PC periph evolves EyeToy promise

Developer shows off title that puts gamers in control of a flying dragon--mo-track interface makes for new gaming experience.

Comments

Sony has proved that there's a market for its EyeToy motion-tracking camera: The company reports that global sales are approaching 3 million units. But Sony has positioned this device to attract the mass market, and most of the EyeToy games so far have been all-ages ventures. This begs the question: why not use this kind of technology to make something a little bit meatier?

Russian developer Gaijin Entertainment has provided the answer to that question with its in-development title Flight of Fancy. Displayed at this year's E3 (in the depths of Kentia Hall), the PC game lets the player control a dragon's flight by flapping his arms in front of a motion-tracking camera. A ghost image of the player's arms is shown on the screen, and it's fascinating to see how accurately the dragon follows your movements. Raising your arms makes the dragon climb, and dropping them to your sides sends the dragon into a dive. Speed is controlled by flapping faster or slower, and turns are accomplished by tilting your arms and body, sending the dragon into a banked turn.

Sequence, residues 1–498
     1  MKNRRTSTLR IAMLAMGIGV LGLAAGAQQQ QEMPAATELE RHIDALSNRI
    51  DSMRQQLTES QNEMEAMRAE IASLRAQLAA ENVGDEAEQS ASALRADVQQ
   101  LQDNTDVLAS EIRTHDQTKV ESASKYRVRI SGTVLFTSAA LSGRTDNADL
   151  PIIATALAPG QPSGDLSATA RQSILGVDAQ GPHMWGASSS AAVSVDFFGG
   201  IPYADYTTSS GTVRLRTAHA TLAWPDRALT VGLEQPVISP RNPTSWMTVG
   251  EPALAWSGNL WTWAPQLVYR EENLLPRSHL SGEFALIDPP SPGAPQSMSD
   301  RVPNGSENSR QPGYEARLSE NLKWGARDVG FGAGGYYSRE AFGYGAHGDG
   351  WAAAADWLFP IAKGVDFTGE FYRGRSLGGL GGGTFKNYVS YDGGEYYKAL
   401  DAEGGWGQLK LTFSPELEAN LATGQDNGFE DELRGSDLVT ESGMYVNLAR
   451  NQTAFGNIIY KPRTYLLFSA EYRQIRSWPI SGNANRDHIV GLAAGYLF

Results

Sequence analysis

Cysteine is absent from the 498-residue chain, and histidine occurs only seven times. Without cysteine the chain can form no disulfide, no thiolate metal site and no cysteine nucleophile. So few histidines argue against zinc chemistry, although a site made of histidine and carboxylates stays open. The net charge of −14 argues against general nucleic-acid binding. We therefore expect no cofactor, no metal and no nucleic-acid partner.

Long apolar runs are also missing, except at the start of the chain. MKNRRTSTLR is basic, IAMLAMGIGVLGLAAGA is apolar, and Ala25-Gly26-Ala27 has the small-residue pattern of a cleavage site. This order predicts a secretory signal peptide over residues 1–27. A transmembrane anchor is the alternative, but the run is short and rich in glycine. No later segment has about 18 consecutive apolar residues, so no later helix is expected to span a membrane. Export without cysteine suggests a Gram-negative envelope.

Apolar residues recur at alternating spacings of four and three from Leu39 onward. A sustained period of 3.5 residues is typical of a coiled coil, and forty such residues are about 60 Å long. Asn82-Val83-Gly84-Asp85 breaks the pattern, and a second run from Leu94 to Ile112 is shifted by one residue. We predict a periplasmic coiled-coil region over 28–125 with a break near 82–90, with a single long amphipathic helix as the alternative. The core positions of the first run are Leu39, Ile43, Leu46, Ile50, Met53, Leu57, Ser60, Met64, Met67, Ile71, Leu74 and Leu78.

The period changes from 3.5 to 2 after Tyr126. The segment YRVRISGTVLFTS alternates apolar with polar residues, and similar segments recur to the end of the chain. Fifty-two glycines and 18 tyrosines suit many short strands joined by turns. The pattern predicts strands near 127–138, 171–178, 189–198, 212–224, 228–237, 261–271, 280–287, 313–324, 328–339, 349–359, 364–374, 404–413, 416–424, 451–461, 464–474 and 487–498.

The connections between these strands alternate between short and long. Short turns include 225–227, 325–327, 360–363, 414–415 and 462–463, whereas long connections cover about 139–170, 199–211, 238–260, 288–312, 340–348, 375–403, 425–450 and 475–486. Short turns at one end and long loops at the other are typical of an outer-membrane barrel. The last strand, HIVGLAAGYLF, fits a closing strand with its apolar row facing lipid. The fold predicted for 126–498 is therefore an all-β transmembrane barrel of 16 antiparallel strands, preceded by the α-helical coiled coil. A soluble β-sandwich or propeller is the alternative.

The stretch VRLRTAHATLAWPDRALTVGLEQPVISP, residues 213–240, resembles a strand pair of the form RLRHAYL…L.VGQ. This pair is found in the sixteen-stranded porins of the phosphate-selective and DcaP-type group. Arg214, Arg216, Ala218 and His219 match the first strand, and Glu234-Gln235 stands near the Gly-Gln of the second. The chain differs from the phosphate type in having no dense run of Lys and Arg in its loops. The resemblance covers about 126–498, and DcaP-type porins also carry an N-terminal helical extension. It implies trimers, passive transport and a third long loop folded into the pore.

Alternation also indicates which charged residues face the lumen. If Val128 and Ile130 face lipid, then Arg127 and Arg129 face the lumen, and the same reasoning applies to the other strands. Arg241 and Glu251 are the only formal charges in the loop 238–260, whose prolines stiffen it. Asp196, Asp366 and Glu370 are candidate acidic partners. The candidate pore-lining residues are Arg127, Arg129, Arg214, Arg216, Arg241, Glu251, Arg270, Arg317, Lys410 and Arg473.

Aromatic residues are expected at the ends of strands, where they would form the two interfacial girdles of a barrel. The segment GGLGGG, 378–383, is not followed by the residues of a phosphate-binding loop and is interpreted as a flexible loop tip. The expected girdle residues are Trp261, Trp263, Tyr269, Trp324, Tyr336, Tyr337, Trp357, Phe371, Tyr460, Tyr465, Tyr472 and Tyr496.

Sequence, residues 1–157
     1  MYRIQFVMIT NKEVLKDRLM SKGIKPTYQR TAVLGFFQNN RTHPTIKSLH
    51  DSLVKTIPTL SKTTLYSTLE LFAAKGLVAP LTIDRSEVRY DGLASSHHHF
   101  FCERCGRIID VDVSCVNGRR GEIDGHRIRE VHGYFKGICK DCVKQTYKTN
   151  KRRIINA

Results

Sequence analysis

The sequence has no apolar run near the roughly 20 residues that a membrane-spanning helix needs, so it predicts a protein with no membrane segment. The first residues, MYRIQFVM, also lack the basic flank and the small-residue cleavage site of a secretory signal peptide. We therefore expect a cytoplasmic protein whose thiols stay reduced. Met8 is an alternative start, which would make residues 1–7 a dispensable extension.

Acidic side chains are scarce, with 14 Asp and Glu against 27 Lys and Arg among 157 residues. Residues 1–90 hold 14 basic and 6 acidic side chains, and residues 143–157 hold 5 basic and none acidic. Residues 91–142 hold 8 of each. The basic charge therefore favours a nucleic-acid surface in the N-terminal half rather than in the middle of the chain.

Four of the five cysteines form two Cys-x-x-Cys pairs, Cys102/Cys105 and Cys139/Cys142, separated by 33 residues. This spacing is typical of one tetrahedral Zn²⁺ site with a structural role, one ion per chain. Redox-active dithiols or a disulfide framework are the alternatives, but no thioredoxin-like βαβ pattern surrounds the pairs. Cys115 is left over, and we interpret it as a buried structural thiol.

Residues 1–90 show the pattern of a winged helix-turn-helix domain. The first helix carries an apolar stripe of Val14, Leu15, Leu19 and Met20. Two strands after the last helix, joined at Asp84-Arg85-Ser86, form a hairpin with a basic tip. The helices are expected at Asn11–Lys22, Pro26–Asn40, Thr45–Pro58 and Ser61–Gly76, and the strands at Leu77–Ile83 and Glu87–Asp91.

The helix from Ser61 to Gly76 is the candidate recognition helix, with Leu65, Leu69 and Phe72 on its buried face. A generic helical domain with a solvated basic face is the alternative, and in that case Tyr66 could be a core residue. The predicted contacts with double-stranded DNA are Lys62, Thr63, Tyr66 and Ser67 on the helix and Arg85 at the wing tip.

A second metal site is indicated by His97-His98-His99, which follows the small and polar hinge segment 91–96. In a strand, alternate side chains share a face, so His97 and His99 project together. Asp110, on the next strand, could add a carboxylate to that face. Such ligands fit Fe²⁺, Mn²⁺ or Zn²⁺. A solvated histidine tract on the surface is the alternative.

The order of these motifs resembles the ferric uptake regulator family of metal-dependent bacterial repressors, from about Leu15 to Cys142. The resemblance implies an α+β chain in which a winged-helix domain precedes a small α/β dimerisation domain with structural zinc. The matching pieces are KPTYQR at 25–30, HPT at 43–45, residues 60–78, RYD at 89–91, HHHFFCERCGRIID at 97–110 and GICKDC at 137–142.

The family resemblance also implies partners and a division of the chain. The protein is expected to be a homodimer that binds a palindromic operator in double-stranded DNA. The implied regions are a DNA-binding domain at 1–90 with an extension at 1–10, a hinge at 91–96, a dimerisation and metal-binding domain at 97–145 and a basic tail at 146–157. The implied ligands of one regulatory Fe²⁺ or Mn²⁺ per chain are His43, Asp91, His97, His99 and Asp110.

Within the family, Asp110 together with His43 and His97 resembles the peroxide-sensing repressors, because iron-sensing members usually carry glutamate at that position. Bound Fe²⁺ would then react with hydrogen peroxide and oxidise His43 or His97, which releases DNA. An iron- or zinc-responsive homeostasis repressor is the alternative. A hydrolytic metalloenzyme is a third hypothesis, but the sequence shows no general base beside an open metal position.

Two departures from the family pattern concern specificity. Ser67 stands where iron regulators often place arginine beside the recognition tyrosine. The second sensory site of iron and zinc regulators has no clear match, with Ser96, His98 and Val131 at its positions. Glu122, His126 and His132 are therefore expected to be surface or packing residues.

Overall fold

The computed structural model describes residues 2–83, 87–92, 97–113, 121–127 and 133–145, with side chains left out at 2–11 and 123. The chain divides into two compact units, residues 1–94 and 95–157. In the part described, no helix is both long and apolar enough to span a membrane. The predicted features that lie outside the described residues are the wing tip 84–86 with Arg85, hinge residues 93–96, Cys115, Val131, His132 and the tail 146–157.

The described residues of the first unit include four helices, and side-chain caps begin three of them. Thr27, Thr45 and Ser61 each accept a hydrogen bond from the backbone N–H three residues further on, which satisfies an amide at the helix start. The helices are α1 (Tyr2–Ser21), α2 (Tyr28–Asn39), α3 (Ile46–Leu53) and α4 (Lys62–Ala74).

The demo we saw was very cool, but the best is yet to come. According to Anton Yudintsev, president of Gaijin Entertainment, the finished game will feature gesture-based magic spells--wave your hands just right, and your dragon will cast a magic spell. It's a creative solution to the question of how to make the dragon attack, and it's a new way to put motion tracking to use. Until now, your body motions were simply directly translated to game character motions--in this game, your body motions are also used as commands.

Gaijin Entertainment is currently looking for distribution for its game and is keeping its options open. Yudintsev said the company would be happy to sign a publishing deal, but it would also consider alternate forms of distribution, like cutting a deal with a peripherals maker to bundle the game with its USB cameras. However it comes to market, this is a game that represents the next generation of interactive products--ones that apply technology and creativity to new and unusual input devices.

Got a news tip or want to contact us directly? Email news@gamespot.com

Join the conversation
There are no comments about this story